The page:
How to make: Wool Mouse made with wooden acorn

I saw the cutest palm sized cloth mice toys and I thought oh, how clever, they made the faces from wood acorns. But no that’s silly they were all cloth and soft and cute, but it stuck in my head, wondering if it would work so I made these little mice. I have a large assortment of wooden peg people, balls and other shapes and one of my favorites are the wood acorns, like these guys (amazon affiliate link)

I used pink wool felt for the ears, very thick fuzzy grey wool that I had from felting a lambswool sweater, the wooden acorn, craft glue, stuffing and plastic beads. This is very forgiving project so you can eyeball your shapes from mine below. The hole for the acorn face should be just smaller than the acorn so it doesn’t pop through.

I drew the nose and eyes on the acorn with black marker and then ran a thin line of glue around outside edge of the face.

Then I popped the acorn head through the hole and pressed the wool down into the glue and waited for it to dry.

Then I folded the wool piece in half with bottom edges lining up and face facing inward and sewed up the sides.

Turn right side out. Pin the round base to the bottom and sew 3/4 way around leaving a gap open to stuff it. I stuffed with polyfill and then put plastic filler beads at the bottom to weigh it down. Then sew it closed.

Fold a tuck in the ears and sew to the head. I trimmed my ears a bit after sewing them on because they were too mickey mouse. And I didn’t make a tail because for some reason mice are cute but mice tails, gross me out.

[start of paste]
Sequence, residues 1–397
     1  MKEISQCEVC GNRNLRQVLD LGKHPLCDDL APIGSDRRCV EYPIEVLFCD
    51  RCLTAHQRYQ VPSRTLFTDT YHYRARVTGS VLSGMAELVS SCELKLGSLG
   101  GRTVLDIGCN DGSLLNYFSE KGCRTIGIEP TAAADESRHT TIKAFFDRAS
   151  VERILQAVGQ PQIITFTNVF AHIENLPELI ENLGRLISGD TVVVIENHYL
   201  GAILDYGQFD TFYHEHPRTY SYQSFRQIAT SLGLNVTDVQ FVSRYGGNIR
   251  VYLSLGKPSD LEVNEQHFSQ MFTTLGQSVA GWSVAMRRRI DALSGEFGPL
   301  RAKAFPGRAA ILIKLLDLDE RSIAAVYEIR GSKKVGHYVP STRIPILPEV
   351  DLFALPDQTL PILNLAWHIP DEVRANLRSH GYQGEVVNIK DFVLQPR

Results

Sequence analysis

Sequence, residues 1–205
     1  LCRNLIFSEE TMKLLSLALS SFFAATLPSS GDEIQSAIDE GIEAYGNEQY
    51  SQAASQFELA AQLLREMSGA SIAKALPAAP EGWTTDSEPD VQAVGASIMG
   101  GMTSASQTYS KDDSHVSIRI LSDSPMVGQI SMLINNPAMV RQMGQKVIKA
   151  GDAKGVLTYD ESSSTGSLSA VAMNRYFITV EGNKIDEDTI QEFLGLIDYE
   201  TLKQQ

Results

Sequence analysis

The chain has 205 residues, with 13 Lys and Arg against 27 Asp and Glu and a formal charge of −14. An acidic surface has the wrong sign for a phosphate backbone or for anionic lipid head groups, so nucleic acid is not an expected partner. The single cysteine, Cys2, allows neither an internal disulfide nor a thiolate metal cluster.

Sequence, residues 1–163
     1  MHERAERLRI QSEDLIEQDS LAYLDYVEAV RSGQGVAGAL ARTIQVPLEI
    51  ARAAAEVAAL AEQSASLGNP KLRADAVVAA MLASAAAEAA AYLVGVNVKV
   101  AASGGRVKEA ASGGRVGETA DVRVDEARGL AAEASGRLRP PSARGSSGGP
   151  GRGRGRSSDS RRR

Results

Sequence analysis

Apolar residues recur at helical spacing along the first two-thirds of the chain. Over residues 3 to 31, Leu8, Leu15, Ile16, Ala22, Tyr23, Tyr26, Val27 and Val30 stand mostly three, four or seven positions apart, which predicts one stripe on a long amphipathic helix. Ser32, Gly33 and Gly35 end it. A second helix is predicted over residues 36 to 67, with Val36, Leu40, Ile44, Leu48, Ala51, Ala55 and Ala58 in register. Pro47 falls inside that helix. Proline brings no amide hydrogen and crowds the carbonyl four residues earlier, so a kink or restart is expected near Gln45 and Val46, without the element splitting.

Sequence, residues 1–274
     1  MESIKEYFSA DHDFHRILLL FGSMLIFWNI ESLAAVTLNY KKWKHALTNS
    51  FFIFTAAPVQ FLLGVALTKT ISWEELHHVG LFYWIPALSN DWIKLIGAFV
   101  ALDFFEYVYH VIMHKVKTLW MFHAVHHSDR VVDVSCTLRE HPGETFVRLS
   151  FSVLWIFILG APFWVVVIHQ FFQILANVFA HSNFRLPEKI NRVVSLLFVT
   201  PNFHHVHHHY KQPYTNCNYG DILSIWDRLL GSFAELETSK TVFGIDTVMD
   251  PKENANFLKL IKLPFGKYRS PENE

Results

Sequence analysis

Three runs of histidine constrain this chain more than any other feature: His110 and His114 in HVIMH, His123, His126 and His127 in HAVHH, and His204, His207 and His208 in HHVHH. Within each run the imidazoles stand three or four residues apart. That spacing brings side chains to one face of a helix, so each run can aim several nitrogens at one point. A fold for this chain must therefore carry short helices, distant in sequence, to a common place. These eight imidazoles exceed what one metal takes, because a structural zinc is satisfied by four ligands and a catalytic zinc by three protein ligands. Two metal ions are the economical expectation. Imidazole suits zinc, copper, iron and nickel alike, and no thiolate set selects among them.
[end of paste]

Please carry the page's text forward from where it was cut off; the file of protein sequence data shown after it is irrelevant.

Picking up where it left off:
And that’s it! Wooden acorns tops would make cute faces on all sorts of woodland animals, fox, deer, squirrel, raccoon.

FREE: Felt Acorn Backpack for the Make-Along Doll

Send your Make-Along doll out on a nature walk with this cute wool felt acorn backpack to store all their treasures. Click here to download PDF of pattern and the directions are below.

• 8″ x 8″ green wool felt for nut
• 4″ x 4″ brown wool felt for shell
• 14″ of 1/2″ wide ribbon for stem and straps
• embroidery floss in green, brown and gold

TO MAKE: The Acorn Backpack is a handsewing project using wool felt and floss.

1. Using 4 strands of the gold floss and a running stitch, stitch cross-hatch design pattern onto one of the shell pieces. (you can repeat for both sides but since one side is facing the back I left that one plain.)

2. Make the stem by folding the 1 1/2″ piece of ribbon in half and pin to top of nut 1/4″ from the edge. Pin shell to nut piece lining up top edge and using a whipstitch and 3 strands of brown floss sew the shell to the nut. Repeat with back side shell and nut pieces.